Finally, the concern that prosecuting Trump will lead his supporters to take a more negative view of the Justice Department and the justice system generally is outweighed by the likely impact on public confidence of giving Trump impunity for his crimes. If the holder of the most powerful office in the land isn't punished for trying to nullify election results through fraud, that cannot but damage public confidence in the legal system among the large majority of Americans who recognize Trump did in fact lose the 2020 election. And if Trump gets off even as relatively low-level January 6 rioters get punished, that is likely to  create (justified) perceptions that there is a double standard under which the powerful get more lenient treatment than ordinary citizens.

Perhaps, as Goldsmith and conservative commentator Ramesh Ponnuru argue, it would have been  better if Trump had been convicted at his second impeachment trial. I myself advocated conviction, and agree with Ponnuru that the Senate committed a grave error in acquitting Trump.

But the failure of the impeachment process makes it all the more necessary to pursue criminal charges. Indeed, GOP Senate leader Mitch McConnell held out the possibility of criminal prosecution as one justification for his vote to acquit Trump in the impeachment process:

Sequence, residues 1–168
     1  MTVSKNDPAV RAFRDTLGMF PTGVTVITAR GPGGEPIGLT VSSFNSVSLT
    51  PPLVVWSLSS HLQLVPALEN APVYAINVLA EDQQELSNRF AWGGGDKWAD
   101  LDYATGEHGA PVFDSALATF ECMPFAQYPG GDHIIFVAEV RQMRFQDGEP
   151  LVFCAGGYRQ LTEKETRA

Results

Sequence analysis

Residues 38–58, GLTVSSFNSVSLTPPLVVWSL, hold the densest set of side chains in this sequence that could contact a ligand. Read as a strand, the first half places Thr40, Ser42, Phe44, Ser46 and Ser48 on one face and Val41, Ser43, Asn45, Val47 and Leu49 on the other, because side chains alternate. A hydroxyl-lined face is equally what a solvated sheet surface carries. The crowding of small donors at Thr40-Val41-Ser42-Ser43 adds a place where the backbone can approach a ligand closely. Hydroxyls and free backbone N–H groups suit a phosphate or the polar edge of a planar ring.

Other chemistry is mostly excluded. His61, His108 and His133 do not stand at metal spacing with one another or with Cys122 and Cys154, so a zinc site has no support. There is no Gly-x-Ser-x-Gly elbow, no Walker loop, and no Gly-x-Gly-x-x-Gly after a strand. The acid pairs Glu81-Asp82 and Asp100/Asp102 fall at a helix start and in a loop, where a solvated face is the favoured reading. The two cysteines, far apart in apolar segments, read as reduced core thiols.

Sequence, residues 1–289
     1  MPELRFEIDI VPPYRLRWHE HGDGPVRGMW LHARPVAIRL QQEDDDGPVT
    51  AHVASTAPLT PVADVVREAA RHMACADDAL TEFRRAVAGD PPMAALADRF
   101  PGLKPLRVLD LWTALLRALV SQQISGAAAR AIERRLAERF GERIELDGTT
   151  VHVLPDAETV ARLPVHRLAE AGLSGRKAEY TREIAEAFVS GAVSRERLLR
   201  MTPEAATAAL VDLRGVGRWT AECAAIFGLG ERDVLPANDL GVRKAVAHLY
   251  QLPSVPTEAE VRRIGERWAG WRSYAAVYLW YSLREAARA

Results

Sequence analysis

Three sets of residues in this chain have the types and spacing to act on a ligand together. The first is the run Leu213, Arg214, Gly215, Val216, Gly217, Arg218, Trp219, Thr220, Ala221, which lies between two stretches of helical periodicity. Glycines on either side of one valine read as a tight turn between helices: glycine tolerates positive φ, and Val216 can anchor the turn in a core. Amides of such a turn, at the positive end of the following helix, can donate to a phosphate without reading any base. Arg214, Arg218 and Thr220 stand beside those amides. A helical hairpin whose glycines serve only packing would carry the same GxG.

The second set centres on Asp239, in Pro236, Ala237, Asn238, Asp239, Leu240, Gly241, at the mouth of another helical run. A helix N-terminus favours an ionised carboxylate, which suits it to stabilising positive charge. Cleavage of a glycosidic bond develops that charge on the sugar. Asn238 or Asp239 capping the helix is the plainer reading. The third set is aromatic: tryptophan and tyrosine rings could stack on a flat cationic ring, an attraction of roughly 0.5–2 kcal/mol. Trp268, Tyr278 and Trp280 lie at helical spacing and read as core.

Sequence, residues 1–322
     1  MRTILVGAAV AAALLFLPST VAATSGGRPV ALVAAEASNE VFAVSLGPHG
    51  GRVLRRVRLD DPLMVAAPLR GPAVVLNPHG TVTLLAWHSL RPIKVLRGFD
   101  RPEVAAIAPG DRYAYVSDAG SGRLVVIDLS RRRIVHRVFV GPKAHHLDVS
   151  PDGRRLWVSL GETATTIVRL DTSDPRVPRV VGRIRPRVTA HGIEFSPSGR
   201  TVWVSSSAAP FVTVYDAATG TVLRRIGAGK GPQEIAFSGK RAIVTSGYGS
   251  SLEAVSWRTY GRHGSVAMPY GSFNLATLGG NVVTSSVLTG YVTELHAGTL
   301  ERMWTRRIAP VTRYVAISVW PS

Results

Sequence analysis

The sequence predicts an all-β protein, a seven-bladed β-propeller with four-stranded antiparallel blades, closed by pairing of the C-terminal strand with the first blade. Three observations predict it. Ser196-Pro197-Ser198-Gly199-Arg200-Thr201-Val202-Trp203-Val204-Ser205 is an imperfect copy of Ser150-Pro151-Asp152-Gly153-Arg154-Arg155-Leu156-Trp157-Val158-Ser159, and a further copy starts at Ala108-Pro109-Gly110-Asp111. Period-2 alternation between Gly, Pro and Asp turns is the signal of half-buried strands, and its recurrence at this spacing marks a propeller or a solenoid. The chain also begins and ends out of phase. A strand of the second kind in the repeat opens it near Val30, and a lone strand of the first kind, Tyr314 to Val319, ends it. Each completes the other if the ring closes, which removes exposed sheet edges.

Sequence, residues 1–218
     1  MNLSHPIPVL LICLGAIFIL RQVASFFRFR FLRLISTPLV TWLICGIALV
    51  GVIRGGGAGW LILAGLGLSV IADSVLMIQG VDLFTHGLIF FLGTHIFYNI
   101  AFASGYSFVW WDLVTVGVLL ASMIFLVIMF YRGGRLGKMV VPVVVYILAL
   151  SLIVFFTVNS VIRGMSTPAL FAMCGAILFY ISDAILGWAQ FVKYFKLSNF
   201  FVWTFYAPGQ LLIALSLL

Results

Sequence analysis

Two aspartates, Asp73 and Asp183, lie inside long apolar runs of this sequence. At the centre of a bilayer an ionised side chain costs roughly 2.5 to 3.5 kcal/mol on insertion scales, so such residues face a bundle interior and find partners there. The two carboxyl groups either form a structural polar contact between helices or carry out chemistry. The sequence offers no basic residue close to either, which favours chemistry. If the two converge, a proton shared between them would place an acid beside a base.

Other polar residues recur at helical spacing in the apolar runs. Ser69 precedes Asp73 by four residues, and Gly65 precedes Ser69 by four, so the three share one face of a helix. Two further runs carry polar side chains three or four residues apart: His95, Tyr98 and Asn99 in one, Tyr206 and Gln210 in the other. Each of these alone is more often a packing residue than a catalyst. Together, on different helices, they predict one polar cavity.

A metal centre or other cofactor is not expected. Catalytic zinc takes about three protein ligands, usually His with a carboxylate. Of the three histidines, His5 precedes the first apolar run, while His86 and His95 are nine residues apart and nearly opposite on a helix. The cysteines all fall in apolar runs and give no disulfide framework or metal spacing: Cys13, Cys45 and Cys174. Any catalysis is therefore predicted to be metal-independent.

Impeachment, conviction, and removal are a specific intra-governmental safety valve. It is not the criminal justice system, where individual accountability is the paramount goal.

Indeed, Justice Story specifically reminded that while former officials were not eligible for impeachment or conviction, they were "still liable to be tried and punished in the ordinary tribunals of justice."

We have a criminal justice system in this country. We have civil litigation. And former Presidents are not immune from being held accountable by either one.

Time for some "individual accountability" for Trump through the criminal justice system!

In sum, the risks of not prosecuting Trump are far more severe than those of holding him accountable for his election-related crimes.

These considerations may not matter much if you think Trump is legally innocent of the charges against him. But if not, it would be a terrible mistake to grant him impunity from prosecution out of dubious consequentialist concerns. The risks of letting him off the hook are far worse.